Ausgabe 29/2005

Scandal at Volkswagen With Prostitutes and Shady Executives, There's No Love Left in this Bug

By , Padma Rao and

Part 2: NEXT PAGE: Backroom contracts, politics and fun

First there's the criminal case. Schuster, the former Skoda director and colleague of Hartz, allegedly used a network of international front companies in an attempt to land private deals with VW. Klaus Volkert, once Germany's most powerful labor representative, was forced to resign when it emerged that he was involved in at least one of Schuster's front companies.

And then there's the workers' council scandal. On a number of business trips, former personnel manager Klaus-Joachim Gebauer procured prostitutes for labor representatives, billing the charges to VW. As a result, members of the company's works council are now open to charges that they were bribable.

Finally, VW's problems have turned into political issues leading up to Germany's expected parliamentary elections in September. As auditors and executives clean house at VW, it's becoming apparent that for decades influential SPD and IG Metall union officials abused their powers to use the company essentially as a self-service shop. The latest allegations centering on Sigmar Gabriel, a former governor of Lower Saxony and VW supervisory board member. Gabriel is under scrutiny because, after he left office as governor, a company he started secured a lucrative consulting contract with Volkswagen. Problem is, Gabriel was still actively involved in politics.

But the scandals really began with Gebauer and Schuster, both former colleagues of Hartz. According to prosecutors, Gebauer -- the man accused of procuring prostitutes for labor representatives -- managed to spend €780,000 within two years without ever having turned in any receipts. To be reimbursed for these dubious expenses, Gebauer merely had to submit a piece of paper on which he would write something to the effect of: "€6,880 spent, in the interest of the company, for the Group Works Council."

One of these expenditures "in the interest of the company" was for a trip to India, which included both labor representatives and Schuster, then a director of Skoda and in charge of the company's operations in India. One participant in this expedition recalls the intensity with which Gebauer and Schuster encouraged employees to involve themselves with prostitutes. The trip was allegedly charged to the VW Group through Gebauer's now notorious homemade receipts.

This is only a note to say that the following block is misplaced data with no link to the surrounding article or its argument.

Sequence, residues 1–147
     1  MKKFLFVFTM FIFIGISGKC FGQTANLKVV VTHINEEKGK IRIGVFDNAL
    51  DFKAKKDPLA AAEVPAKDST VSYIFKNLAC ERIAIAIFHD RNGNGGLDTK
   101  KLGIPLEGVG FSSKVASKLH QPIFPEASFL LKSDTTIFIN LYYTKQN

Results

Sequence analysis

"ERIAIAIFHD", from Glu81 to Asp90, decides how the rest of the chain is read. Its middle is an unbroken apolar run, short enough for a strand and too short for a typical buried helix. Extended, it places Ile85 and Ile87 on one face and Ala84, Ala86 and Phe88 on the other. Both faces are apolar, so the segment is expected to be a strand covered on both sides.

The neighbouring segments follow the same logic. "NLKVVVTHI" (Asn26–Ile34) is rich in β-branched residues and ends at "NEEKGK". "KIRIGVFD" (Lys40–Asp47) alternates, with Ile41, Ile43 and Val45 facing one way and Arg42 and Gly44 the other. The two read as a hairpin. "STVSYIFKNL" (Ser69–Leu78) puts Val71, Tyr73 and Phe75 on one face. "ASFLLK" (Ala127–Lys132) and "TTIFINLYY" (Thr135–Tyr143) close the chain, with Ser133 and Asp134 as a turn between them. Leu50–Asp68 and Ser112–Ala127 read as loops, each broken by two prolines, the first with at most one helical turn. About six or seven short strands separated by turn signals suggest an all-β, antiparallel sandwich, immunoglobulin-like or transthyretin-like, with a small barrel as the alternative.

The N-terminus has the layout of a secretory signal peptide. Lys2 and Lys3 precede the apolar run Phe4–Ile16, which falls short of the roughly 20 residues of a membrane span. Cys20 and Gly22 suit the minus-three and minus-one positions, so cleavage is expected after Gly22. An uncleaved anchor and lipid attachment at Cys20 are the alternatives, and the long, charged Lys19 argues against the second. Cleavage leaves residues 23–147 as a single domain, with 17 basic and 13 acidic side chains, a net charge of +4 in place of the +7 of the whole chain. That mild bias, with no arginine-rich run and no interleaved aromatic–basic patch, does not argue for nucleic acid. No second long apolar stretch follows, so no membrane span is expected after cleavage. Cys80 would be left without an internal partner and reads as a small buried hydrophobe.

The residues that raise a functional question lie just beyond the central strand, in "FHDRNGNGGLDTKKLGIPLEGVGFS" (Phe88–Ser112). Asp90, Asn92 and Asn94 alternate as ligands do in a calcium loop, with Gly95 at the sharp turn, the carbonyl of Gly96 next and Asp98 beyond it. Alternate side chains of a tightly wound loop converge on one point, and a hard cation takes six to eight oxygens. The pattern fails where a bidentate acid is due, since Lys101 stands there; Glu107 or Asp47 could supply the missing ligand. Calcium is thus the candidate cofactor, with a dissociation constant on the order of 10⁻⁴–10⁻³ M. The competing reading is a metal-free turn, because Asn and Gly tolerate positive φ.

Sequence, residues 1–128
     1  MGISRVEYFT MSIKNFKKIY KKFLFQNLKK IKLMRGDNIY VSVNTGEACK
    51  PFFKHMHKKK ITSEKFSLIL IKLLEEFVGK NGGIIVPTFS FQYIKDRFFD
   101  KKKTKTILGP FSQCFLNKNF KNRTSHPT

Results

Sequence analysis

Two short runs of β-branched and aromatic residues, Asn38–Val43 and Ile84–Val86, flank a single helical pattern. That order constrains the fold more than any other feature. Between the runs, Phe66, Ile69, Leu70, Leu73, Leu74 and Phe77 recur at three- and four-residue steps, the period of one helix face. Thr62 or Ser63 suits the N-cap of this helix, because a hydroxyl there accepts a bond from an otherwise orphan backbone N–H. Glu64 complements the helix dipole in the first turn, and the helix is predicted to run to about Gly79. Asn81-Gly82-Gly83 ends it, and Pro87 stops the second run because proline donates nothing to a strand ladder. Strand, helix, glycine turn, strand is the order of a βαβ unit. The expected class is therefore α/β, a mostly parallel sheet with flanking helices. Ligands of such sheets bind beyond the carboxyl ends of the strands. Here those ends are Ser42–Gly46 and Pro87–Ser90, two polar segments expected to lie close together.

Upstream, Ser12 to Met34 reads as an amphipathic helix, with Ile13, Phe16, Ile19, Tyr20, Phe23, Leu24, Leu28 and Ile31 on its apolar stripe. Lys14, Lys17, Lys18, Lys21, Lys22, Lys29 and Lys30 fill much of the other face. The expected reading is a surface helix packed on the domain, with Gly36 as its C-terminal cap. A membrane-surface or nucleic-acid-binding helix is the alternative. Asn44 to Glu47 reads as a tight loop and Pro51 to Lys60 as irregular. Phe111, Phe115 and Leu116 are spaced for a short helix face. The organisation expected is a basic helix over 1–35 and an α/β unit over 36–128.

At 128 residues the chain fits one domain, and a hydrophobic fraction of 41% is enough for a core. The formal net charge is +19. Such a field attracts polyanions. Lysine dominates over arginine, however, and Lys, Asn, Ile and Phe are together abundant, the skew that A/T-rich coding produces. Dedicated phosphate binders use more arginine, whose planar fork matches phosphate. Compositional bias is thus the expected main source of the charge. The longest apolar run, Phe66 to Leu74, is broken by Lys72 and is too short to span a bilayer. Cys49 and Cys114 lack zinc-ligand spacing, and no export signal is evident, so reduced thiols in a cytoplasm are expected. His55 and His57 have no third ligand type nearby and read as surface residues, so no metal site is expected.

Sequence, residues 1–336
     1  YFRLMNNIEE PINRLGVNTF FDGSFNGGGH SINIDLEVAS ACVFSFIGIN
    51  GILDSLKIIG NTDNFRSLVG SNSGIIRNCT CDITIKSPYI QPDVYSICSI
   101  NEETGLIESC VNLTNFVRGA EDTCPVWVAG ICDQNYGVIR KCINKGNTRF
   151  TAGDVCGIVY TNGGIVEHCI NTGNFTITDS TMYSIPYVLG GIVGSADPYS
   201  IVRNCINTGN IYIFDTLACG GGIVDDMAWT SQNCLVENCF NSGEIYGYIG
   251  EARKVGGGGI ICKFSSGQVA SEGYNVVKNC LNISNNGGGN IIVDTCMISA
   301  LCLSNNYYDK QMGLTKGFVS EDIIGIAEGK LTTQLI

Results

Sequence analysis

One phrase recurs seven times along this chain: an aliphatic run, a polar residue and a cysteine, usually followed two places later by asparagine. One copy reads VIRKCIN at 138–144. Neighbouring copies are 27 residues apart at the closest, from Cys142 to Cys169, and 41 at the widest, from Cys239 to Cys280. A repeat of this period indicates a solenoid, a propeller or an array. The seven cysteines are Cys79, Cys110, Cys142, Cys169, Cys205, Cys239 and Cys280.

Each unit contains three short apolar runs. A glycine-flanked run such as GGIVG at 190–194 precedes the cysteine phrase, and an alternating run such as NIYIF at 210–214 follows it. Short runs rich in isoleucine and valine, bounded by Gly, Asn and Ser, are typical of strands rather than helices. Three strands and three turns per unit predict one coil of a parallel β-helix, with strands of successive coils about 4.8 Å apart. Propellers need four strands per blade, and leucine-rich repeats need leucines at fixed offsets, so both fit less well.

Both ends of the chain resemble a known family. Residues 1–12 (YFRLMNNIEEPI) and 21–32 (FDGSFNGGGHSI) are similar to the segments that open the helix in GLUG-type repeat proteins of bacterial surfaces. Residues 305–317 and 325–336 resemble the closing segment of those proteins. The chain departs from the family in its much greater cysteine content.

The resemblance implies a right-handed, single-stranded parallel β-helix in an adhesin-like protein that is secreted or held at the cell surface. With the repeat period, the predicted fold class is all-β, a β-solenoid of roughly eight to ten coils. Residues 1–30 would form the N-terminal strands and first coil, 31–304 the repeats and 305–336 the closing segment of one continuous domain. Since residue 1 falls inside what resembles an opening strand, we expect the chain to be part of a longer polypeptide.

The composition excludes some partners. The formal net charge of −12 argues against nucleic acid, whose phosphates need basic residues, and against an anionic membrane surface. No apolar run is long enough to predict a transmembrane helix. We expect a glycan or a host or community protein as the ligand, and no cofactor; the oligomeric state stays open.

The participants often referred to the India trip as their "1001 Nights." But these days, the fairy tale is over.

In this drama, Lower Saxony Governor Christian Wulff seems to be playing the leading tough guy role.

In this drama, Lower Saxony Governor Christian Wulff seems to be playing the leading tough guy role.

In retrospect, some now speculate that VW's high-flying executives didn't put the labor representatives in embarrassing situations to compromise their independence as some suspect. Indeed, doing so would weaken the position of the workers' council, which is responsible for employer-employee relations, against Volkswagen's executive board. Instead, many now believe their purpose may have been entirely different: to cover their own tracks.

At the time, Schuster, with the support of aides, had allegedly already developed his own network of front companies. Both Gebauer and Volkert later became involved in the fronts.

An Indian company, Vahishta Wahan, played a role in Schuster's planned business in the country. While involved in negotiations for the construction of a VW plant in India, Schuster allegedly used VW letterhead to submit a request to Botcha Satyanarayana Rao, the minister of industry of the Indian province of Andhra Pradesh, for €5 million in start-up money. The minister responded to Schuster's request by transferring €2 million to an account held by Vahishta Wahan. Although the company has the same initials as VW, it is not part of the VW Group. Once the money was received in Vahishta Wahan's account, it was promptly transferred to another account -- and has since disappeared.

Through his attorney, Ferdinand Gillmeister, Schuster has declared that the VW Group was fully informed about the Indians' €2 million contribution. VW, says Gillmeister, had insisted that the Indian partners pay the start-up costs for the investment. Because the money from Vahishta Wahan was supposedly intended to cover "initial planning and development costs," Gillmeister claims, it did not constitute a loss for VW. However, the company has since put on ice any decision on whether to move forward with the India factory.

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